Solving Medieval Mysteries with The Inquisitor

The Inquisitor Preview

I’m a big fan of alternative history games and fiction. Games like Wolfenstein turn well-known events on their head, giving us a glimpse of what might have been. In the upcoming action-adventure game The Inquisitor, the alternate history premise packs a punch. It postulates that Jesus not only didn’t die on the cross, but escaped from the crucifixion to rain literal holy hell on his enemies. As a result, Christianity became a religion of retribution and Christ-the-Vengeful, a symbol of righteous bloodshed. With a foundation that intriguing, I couldn’t wait to see what The Inquisitor had to offer.

Mordimer the Vampire Hunter

The Inquisitor takes place in the early 16th century, in a fictitious European city called Koenigstein. You play as Mordimer Madderdin, a sort of Witcher-like inquisitor. He’s arrived in town to track down rumors of a vampire. Within minutes, he’s playing politics with the town guards, chasing down a young pickpocket, and flirting with a buxom lass.

As he explores Koenigstein, Mordimer meets a wide range of characters, from the religious leaders of the town to those who traffic in the occult. As it turns out, the vampire sighting is essentially a red herring. The mysteries and dangers in Koenigstein are much bigger and it’s up to Mordimer to put many pieces of a wide-ranging puzzle in place. He can choose a range of approaches, from church-sanctioned violence to more benign forms of interrogation and inquiry.

Although the developers stressed that The Inquisitor was not an action RPG, there is combat, including boss fights. Mordimer has light and heavy attacks and can dodge or parry. Combat isn’t exactly an afterthought, but it’s pretty basic and not terribly refined. Since the game is not an RPG, combat never really evolves.

Into the Unworld

For an obviously modest game, The Inquisitor has a surprisingly rich narrative and detailed setting. This probably comes from the fact that, while the story is original, it’s based on a series of novels (again, not unlike The Witcher). Koenigstein is an impressively designed medieval city. It has distinct districts, a towering cathedral and endlessly winding streets. There are also the dark and foreboding underground catacombs and dungeons found in most medieval cities. There are signposts all over the town, but there is no map. The developers emphasized that they wanted the player to get lost in the mysteries of Koenigstein.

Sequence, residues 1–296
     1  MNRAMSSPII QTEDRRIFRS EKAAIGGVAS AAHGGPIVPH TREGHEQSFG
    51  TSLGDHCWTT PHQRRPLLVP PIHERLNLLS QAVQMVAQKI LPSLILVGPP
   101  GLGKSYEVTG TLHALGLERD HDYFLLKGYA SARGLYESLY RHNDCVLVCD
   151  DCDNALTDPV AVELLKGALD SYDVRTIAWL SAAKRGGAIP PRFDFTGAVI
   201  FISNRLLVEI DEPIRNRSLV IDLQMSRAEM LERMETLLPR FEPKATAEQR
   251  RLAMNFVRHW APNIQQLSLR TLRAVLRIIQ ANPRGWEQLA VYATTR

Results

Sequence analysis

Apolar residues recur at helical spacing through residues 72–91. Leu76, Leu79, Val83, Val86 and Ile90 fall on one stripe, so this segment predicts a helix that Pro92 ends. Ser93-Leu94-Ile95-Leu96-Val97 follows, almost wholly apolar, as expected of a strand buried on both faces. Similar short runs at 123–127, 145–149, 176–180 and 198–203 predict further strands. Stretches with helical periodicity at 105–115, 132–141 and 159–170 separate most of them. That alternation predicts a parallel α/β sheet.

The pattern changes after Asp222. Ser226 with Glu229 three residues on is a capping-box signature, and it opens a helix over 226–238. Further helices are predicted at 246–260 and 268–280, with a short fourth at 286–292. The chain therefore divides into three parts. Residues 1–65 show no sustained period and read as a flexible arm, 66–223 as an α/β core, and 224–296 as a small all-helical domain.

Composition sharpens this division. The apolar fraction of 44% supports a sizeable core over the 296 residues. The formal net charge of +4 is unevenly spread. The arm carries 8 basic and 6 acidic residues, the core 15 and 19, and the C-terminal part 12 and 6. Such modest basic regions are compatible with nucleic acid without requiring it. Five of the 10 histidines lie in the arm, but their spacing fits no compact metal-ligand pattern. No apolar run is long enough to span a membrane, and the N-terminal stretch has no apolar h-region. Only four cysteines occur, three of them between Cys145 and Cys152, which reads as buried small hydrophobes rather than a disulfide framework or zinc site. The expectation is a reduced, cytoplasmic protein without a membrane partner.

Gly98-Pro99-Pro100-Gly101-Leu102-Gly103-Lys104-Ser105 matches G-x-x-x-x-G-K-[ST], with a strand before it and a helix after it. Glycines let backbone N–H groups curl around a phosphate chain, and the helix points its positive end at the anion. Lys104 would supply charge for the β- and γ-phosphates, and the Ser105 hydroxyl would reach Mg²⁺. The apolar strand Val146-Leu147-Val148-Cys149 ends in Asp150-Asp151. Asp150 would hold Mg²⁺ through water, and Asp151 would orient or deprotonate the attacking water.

The supernatural plays a major role in The Inquisitor. Mordimer has a kind of detective vision called “prayer mode.” This power allows him to see important landmarks or clues in the environment, or the next mission objective. Mordimer replenishes his prayer power by praying at shrines.

Because holy visions play an important role in guiding Mordimer forward, he travels to an alternative realm called the Unworld to collect the shards which power his visions. There is an undefeatable enemy in the Unworld that is always giving chase, in theory creating some tension and forcing Mordimer to use stealth. These sections felt pretty janky and weren’t always fun.

Big Ambitions

When it comes to presentation, it’s hard to entirely ignore the pretty dated-looking characters, inconsistent voice acting, and less-than-polished animations. Koenigstein is impressively rendered but largely just set dressing with limited interactivity. I couldn’t help but wish The Inquisitor’s intriguing story could be paired with the graphics of a game like Plague Tale.

That bit of disappointment aside, The Inquisitor should be a great game for players in the mood for a compelling example of alternative history fiction and medieval detective action. The Inquisitor will be released on PC, PS5, and Xbox X/S on February 8, 2024.

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